However, I think that many Pagan practitioners carry a great deal of baggage from their Christian upbringing. Not unlike our own discouragements in Patriarchal Christianity, I believe they felt they had "escaped the Christian God" through Wicca, and our tradition of Wicca hits too close to home. Perhaps Trinitarian Wicca is an unwanted reminder that has brought back unpleasant memories for them. Perhaps some people didn't even read the first book, but was very angered by the title. Some merely flipped through the book, and saw that I did use a few scriptures to point out the hidden Goddesses in the actual Bible and decided that I was clinging to Christian Dogma. Many thought I was trying to combine the Holy Bible, literally, to mix fundamental Christianity and Neo-Paganism. So yes, there were many who missed the whole point of Book One.
The whole point of writing Christian Wicca: the Trinitarian Tradition was that I believed that if I could prove that the Christian Pantheon had a Goddess, then someone comfortable with their Christian Deities would not have to seek a Pagan Goddess in order to practice Wicca. Once the Christian Lord had a Christian Lady, equal and balance, then I would prove the validity of the path of Trinitarian Wicca.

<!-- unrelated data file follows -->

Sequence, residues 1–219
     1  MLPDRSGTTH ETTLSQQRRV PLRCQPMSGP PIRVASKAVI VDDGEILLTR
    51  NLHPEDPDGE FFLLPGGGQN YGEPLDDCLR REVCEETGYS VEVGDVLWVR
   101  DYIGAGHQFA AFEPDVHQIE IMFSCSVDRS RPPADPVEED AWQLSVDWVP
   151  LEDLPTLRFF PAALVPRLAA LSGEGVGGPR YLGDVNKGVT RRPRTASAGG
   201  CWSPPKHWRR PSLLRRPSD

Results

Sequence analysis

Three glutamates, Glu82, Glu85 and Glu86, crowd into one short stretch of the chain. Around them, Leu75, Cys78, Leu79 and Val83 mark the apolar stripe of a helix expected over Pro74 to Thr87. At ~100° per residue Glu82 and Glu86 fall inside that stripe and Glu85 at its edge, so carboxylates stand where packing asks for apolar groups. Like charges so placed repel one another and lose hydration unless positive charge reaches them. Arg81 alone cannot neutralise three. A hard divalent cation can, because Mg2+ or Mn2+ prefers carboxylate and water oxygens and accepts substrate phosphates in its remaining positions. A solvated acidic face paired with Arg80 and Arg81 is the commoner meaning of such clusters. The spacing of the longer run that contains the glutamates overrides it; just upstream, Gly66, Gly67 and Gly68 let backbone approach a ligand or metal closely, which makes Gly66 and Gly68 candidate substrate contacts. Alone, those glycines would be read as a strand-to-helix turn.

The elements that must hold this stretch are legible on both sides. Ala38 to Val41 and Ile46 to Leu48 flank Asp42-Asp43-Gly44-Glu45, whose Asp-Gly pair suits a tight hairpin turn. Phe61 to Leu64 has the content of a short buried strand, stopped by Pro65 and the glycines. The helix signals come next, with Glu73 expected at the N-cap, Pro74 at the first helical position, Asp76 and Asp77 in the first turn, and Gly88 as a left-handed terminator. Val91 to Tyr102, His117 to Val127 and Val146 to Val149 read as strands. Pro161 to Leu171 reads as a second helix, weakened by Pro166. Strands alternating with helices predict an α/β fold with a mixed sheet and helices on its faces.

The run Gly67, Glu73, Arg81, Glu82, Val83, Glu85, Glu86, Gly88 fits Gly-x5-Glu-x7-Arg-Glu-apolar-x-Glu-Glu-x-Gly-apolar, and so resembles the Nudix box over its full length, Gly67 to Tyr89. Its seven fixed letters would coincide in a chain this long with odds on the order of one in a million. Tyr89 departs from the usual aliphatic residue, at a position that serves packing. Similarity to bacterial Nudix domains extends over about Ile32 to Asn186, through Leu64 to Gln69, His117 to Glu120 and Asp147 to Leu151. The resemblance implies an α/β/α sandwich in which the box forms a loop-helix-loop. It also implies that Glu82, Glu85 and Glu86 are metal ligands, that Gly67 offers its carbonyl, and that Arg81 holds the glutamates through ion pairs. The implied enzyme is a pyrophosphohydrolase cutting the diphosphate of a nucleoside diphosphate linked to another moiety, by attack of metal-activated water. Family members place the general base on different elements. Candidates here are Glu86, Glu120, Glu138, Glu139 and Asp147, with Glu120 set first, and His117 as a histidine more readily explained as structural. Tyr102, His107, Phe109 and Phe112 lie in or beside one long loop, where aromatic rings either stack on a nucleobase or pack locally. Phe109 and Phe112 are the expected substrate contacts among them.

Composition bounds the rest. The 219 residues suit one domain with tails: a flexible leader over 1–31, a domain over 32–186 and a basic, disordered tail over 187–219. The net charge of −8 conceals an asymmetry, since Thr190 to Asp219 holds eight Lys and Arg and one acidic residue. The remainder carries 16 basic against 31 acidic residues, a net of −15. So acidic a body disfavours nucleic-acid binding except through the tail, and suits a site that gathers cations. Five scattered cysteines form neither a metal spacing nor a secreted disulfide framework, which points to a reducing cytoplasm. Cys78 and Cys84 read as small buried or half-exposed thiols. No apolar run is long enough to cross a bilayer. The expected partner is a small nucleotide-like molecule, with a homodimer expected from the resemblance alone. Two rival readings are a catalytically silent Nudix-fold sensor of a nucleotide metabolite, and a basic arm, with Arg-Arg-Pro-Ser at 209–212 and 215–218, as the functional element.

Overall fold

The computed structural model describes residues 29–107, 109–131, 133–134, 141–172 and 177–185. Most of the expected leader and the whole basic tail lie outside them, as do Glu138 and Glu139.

I didn't think this was a far reach at all. I thought with all these generic Wicca books our there referring only to the God and the Goddess, or the Lord and the Lady, I figured there's a good chance that my first book would not be needed at all. I thought that most individuals could simply insert Jesus/God the Father into the Wiccan God/Lord place in the ritual and do the same for their Christian Goddess.